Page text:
US 5140012 A
A method is provided for preventing or reducing the risk of restenosis following angioplasty by administering pravastatin alone or in combination with an ACE inhibitor such as captopril or ceranapril, prior to, during and/or after angioplasty.
1. A method for preventing or reducing the risk of restenosis following angioplasty, which comprises administering to a mammalian specie in need of such treatment an effective amount of pravastatin.
2. The method as defined in claim 1 wherein said pravastatin is administered in single or divided doses of from about 1 to about 2000 mg/one to four times daily.
3. The method as defined in claim 1 wherein the pravastatin is administered in single or divided doses of from about 4 to about 200 mg/one to four times daily.
4. The method as defined in claim 1 wherein the pravastatin is administered prior to angioplasty.
5. The method as defined in claim 1 wherein the pravastatin is administered during angioplasty.
6. The method as defined in claim 1 wherein the pravastatin is administered after angioplasty.
7. The method as defined in claim 1 wherein pravastatin is administered in combination with an ACE inhibitor.
8. The method as defined in claim 7 wherein the angiotensin converting enzyme inhibitor is a substituted proline derivative.
9. The method as defined in claim 7 wherein said angiotensin converting enzyme inhibitor includes a mercapto moiety and is a substituted proline derivative.
10. The method as defined in claim 7 wherein said angiotensin converting enzyme inhibitor is a substituted proline derivative.
11. The method as defined in claim 7 wherein said angiotensin converting enzyme inhibitor is captopril, zofenopril, enalapril, cernapril, fosinopril, lisinopril or fentiapril.
12. The method as defined in claim 7 wherein the angiotensin converting enzyme inhibitor is a phosphonate substituted amino or imino acid or salt thereof, a proline derivative, a substituted proline derivative, a mercaptoacyl derivative of a substituted proline, a carboxyalkyl dipeptide derivative, a phosphinylalkanoyl proline derivative or a phosphonamidate derivative.
13. The method as defined in claim 12 wherein said angiotensin converting enzyme inhibitor is a carboxyalkyl dipeptide derivative.
14. The method as defined in claim 7 wherein said angiotensin converting enzyme inhibitor is a phosphinylalkanoyl proline derivative, a phosphoramidate derivative, or a phosphonate substituted amino or imino acid or salt thereof.
15. The method as defined in claim 7 wherein the pravastatin is present in a weight ratio to said ACE inhibitor of the of within the range of from about 0.001:1 to about 1000:1.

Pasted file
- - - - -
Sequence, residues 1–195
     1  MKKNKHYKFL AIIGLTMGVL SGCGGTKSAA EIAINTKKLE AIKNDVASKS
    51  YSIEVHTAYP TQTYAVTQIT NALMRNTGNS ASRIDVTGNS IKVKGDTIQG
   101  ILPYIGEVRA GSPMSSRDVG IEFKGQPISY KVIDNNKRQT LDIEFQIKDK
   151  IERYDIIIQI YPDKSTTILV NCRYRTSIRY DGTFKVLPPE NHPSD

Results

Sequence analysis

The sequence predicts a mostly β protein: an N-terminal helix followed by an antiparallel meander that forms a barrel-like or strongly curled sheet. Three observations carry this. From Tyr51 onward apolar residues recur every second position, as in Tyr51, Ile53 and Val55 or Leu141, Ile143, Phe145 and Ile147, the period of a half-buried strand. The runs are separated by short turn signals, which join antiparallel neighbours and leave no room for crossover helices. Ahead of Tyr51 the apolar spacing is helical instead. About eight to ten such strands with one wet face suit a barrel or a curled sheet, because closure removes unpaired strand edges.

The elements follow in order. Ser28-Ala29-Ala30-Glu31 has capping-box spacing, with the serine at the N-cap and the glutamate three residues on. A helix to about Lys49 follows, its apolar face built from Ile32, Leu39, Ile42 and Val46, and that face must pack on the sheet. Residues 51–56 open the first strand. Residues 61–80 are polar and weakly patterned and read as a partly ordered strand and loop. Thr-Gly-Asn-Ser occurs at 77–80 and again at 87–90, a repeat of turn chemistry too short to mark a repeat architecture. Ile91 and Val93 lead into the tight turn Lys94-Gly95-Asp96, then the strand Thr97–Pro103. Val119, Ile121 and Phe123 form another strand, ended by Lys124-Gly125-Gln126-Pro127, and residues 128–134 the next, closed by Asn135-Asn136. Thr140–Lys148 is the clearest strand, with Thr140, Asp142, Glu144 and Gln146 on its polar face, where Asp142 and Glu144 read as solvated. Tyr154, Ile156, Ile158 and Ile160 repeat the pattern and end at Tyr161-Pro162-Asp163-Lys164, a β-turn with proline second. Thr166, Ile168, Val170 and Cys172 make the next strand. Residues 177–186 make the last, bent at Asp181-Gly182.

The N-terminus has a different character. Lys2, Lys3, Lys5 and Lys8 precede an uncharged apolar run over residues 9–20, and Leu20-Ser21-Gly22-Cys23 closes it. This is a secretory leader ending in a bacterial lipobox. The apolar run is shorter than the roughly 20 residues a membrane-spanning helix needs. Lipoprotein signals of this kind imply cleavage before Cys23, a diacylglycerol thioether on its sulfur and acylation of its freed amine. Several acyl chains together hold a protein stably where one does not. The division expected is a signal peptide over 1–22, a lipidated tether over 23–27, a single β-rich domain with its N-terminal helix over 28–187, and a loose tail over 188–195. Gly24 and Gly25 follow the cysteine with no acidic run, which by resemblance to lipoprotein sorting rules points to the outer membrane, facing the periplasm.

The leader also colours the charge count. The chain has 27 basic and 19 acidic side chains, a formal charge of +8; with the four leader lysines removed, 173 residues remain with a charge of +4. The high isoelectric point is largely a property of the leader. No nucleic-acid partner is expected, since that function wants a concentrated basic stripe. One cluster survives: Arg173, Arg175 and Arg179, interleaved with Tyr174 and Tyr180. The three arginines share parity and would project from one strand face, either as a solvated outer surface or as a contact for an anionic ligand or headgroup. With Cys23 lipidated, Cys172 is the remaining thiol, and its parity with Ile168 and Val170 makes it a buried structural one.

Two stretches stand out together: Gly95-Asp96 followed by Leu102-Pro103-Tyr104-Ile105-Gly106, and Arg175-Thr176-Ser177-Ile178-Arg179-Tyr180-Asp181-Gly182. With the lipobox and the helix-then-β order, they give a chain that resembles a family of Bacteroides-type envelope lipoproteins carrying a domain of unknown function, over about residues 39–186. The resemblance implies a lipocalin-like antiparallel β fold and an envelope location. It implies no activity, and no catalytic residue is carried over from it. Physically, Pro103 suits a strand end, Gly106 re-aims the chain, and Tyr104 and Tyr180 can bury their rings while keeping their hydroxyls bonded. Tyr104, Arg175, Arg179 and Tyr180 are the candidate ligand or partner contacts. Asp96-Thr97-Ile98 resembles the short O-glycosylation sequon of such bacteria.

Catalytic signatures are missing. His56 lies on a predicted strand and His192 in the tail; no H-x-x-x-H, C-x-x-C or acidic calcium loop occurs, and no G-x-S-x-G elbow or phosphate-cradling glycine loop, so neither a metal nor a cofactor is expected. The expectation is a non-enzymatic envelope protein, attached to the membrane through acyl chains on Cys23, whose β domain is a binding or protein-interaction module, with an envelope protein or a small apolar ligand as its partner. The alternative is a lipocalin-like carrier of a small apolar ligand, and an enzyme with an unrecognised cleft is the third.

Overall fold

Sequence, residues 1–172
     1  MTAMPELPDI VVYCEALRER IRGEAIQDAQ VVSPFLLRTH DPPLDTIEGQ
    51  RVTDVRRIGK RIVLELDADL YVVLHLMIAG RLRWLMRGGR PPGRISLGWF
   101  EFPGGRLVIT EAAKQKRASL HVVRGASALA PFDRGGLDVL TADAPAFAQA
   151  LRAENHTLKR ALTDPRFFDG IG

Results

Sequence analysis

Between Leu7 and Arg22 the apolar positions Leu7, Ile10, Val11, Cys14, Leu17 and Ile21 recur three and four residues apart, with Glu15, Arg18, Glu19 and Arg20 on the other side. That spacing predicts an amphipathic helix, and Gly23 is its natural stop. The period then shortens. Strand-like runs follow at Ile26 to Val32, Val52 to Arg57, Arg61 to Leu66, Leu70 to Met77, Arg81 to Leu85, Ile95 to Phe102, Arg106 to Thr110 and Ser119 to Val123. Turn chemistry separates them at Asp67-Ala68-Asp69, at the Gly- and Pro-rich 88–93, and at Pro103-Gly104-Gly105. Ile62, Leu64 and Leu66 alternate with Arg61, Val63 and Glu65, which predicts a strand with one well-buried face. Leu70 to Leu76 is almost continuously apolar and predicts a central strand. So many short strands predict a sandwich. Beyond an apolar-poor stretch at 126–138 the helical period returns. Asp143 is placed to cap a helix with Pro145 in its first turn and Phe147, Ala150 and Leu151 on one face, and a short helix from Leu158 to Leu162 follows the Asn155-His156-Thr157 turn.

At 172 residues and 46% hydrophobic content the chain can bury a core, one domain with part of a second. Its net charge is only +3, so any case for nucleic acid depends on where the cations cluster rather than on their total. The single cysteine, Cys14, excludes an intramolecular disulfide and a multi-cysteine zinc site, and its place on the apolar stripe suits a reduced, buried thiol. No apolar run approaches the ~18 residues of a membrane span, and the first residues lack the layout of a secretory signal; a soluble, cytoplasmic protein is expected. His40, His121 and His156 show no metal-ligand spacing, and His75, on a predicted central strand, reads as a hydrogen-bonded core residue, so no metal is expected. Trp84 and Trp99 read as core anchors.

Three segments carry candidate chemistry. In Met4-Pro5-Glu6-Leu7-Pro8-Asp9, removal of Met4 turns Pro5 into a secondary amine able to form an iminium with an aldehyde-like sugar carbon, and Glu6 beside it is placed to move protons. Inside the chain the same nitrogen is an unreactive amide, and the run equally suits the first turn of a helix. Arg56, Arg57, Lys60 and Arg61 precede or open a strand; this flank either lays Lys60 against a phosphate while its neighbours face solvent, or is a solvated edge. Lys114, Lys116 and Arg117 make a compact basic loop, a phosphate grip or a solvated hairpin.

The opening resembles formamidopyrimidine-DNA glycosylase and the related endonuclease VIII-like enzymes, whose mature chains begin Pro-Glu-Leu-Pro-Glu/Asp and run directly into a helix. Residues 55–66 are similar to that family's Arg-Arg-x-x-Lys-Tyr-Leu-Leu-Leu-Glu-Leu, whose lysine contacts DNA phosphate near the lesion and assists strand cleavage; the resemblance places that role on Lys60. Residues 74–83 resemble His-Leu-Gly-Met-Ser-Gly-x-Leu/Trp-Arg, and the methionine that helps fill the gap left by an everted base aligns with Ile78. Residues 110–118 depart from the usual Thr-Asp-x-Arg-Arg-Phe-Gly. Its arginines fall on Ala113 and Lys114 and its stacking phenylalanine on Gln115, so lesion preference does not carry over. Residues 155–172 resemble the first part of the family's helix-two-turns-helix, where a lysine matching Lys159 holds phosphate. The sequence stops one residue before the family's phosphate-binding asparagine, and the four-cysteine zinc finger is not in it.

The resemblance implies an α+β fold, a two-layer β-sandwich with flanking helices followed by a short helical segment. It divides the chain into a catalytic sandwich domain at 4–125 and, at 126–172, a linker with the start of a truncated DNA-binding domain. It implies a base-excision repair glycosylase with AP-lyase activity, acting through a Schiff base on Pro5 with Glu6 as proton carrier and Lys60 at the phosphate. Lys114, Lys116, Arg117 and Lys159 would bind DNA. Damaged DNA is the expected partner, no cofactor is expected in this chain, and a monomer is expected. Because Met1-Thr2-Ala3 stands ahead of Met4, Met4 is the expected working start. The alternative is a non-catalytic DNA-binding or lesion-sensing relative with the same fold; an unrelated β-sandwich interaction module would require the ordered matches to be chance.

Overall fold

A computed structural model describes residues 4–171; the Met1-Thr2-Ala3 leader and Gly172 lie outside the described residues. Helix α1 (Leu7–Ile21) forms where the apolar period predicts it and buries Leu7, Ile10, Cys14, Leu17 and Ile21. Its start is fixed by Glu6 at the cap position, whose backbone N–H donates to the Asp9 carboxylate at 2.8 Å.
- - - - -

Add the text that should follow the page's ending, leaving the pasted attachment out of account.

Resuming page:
16. The method as defined in claim 7 wherein said angiotensin converting enzyme inhibitor is administered in single or divided doses of from about 0.1 to about 500 mg/one to four times daily.
17. The method as defined in claim 7 wherein the ACE inhibitor is captopril, fosinopril or ceranapril.
The present invention relates to a method for preventing onset of restenosis after angioplasty by administering an HMG CoA reductase inhibitor, which is pravastatin, alone or in combination with an ACE inhibitor, such as captopril or ceranapril.
Percutaneous transluminal angioplasty (PTA), defined as any percutaneous transluminal method of decreasing stenosis within a blood vessel, whether caused by the existence of an atheromatous plaque, thrombosis, embolus, and/or mineral deposit, by any of a number of means such as balloon dilatation, thermal ablation, laser atherectomy, mechanical shaving, extraction, or ultrasonic pulverization, hereinafter referred to as angioplasty, is widely used in the treatment of occlusive vascular disease. However, it has been found that restenosis frequently occurs, and in the case of coronary angioplasty, restenosis occurs in about a third of cases within 6 months of the procedure.
Sahni, R., et al, "Prevention of Restenosis by Lovastatin," 62nd Scientific Sessions of the American Heart Association, New Orleans, Nov. 13-16 1989, Circulation 80 (4 Suppl. 2) 1989, p. II-65, disclose that lovastatin significantly reduces the incidence of restenosis following successful PTCA.
Gellman, J., et al, "Lovastatin, a HMG CoA Reductase Inhibitor, Reduces Restenosis Following Balloon Angioplasty in an Atherosclerotic Hypercholesterolemic Rabbit," Clinical Research, Vol. 37, No. 2, 1989, p. 261A, disclose that "lovastatin reduces total cholesterol and retards restenosis following balloon angioplasty in the hypercholesterolemic rabbit and merits evaluation in patients."
Pravastatin, also referred to as CS-514, an HMG CoA reducase inhibitor, is disclosed in U.S. Pat. No. 4,346,227.
European Patent Application 0219782 to Scholkens (Hoechst) discloses the treatment of atherosclerosis, thrombosis and/or peripheral vascular disease in mammals using an angiotensin converting enzyme (ACE) inhibitor or its physiologically tolerable salts. It further discloses that because ACE is predominantly localized in the luminal plasma membrane of the endothelial cell, ACE inhibitors can interfere in platelet-endothelium interaction. In addition, Scholkens discloses that ACE inhibition potentiates the action of bradykinin (a strong stimulator of prostacyclin release from endothelial cells) by inhibiting its degradation and ACE inhibitors, consequently, have an inhibitory effect on platelet aggregation.